“It’s 100% my armour. Rihanna had an acceptance speech where she talked about how fashion was her defence mechanism. I completely felt that. Fashion and clothing have always been my safety blanket and my guard and if I am not wearing something that I don’t want to be wearing, or mentally or physically uncomfortable with, I am completely not me. It just feels so wrong and so clothing is really the way that I am - it’s more me than I am.”
The Billie Eilish tale begins back in 2016 with her and her brother Finneas uploaded the song ‘Ocean Eyes’ on to the music discovery website SoundCloud.
Overnight ‘Ocean Eyes’ clocked so many listens that she became a viral sensation.
Since then, Billie has been releasing her own unconventional and off-centre pop.
In a 2017 interview with RNZ contributor Kate Robertson, Billie explained the importance of her lyrics: “Words are more powerful than some noises. Noises won’t last long. Lyrics are so important and people don’t realise that.”
In the modern Western music landscape, the teenage pop star is a near-permanent feature, accompanied by the notion that the young talent is “manufactured” or “crafted” and discouraged from speaking their own mind or pursuing their own interests.
After a few minutes speaking to Billie Eilish, any of those concerns about her are well and truly extinguished.
As a youngster, Billie occupied herself with music, horseriding and dancing.
As a 12-year-old, she was so passionate about horseriding that she worked at a local stable to pay for riding lessons.
“I wanted it, so I worked for it and I got it.
“I worked at the barn for two summers. I was horse camp counsellor, I worked at birthdays.”
“But I stopped because I am not rich and never will be and never was,” she laughs.
“That shit is expensive! To ride a horse, even anything that has to do with a horse, is expensive.”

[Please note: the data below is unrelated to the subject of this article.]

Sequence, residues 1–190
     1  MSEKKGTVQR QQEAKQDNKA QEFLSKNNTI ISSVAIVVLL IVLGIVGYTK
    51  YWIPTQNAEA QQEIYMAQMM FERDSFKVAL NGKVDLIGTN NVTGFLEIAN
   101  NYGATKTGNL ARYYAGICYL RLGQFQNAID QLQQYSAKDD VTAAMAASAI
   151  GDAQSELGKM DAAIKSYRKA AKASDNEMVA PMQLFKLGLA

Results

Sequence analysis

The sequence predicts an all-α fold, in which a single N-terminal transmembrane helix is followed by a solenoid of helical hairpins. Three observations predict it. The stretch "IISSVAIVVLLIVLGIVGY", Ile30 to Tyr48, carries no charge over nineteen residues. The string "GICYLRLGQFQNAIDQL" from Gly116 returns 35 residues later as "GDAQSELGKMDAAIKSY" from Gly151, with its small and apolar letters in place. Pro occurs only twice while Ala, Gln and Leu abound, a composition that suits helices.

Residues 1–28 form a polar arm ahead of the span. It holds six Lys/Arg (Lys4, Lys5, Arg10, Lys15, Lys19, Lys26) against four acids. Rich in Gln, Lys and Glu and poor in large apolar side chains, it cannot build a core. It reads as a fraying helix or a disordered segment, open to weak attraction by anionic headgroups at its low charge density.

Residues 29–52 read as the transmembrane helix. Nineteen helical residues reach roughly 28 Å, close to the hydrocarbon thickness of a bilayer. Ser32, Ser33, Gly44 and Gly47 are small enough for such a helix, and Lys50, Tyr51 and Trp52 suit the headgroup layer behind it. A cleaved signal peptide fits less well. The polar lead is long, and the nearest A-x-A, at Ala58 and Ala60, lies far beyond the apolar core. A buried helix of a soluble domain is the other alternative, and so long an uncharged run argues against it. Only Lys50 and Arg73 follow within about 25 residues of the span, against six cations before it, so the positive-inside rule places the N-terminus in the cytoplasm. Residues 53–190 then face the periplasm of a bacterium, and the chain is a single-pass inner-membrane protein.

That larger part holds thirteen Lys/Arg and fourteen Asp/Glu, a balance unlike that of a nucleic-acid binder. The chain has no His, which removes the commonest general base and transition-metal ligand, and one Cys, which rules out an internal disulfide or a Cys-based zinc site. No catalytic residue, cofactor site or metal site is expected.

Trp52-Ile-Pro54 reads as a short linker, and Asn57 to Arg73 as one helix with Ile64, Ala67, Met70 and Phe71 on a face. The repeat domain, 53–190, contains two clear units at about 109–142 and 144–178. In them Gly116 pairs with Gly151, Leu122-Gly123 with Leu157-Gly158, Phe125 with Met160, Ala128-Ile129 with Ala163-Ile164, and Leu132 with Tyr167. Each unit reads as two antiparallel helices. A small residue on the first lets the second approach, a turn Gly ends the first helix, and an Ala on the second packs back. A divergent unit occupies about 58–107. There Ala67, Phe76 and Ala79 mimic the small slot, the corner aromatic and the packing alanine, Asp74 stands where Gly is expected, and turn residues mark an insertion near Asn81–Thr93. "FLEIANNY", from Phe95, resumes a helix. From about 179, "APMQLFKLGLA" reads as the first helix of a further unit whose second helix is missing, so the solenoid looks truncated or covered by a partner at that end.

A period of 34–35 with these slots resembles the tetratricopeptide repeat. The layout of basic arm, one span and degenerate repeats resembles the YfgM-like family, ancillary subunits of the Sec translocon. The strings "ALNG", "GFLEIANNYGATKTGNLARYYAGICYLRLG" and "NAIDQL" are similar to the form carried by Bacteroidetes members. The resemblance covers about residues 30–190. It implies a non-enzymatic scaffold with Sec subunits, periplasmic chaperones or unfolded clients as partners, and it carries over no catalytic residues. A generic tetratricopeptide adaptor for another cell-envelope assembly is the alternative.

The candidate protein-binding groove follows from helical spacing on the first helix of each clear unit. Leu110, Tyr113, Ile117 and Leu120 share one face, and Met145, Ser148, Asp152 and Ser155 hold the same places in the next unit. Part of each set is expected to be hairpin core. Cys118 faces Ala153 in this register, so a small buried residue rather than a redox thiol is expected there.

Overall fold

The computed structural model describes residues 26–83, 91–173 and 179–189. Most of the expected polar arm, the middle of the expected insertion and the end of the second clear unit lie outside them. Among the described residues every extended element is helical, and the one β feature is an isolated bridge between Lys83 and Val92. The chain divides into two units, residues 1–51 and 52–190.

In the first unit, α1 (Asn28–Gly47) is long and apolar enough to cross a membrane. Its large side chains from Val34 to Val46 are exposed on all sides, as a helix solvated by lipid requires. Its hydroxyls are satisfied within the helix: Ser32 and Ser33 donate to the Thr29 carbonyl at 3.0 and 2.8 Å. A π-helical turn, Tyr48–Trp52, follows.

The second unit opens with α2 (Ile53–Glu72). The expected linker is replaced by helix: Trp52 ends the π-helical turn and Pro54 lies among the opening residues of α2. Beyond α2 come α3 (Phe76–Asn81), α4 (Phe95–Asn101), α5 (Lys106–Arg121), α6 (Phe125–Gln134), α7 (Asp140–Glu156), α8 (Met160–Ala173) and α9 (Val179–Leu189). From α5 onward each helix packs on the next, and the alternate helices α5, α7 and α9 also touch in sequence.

With that, Billie tone switches into that of a young person who feels ostracised by a group.
“After a while, nobody was taking me seriously because when you’re not rich everyone at the stable is like ‘Shoo’.
At this point, she puts on her best Mean Girls voice.
"It’s funny now, a lot of the girls who used to be all up in my face at the stable are like 'We miss you Billie'. I’m like ‘Ppfft, f-off”.
On the subject of the Laneway Festival tour and whether she has spoken to moody electro-soul darling Moses Sumney, Billie is refreshingly honest about her gushy fangirl tendencies.
“I haven’t said a word to him” she confides. “We were in the same plane, we all went through customs together, and then we all took the same bus to the hotel. Not once did I say anything to him.”
“I’m a huge fan of all of the people on Laneway but some part of me…” she drifts off, leaving the impression she's actually a little bit intimidated and starstruck about talking to those she’s on the festival circuit with.
The teenage pop wunderkind tries to be as welcoming as possible to her own fans.
“I kind of try to do what no-one did for me because I grew up as a fan and always been a fan. Obviously, I am still a fan.
“I just wanna have them feel good about it afterwards because I know if you have an encounter with someone that you look up to that is at all negative or something was weird, you’re gonna think about it for the rest of your life.”
She concludes with a matter-of-fact explanation: “Honestly, it sticks with you, so I try to avoid that with everyone.”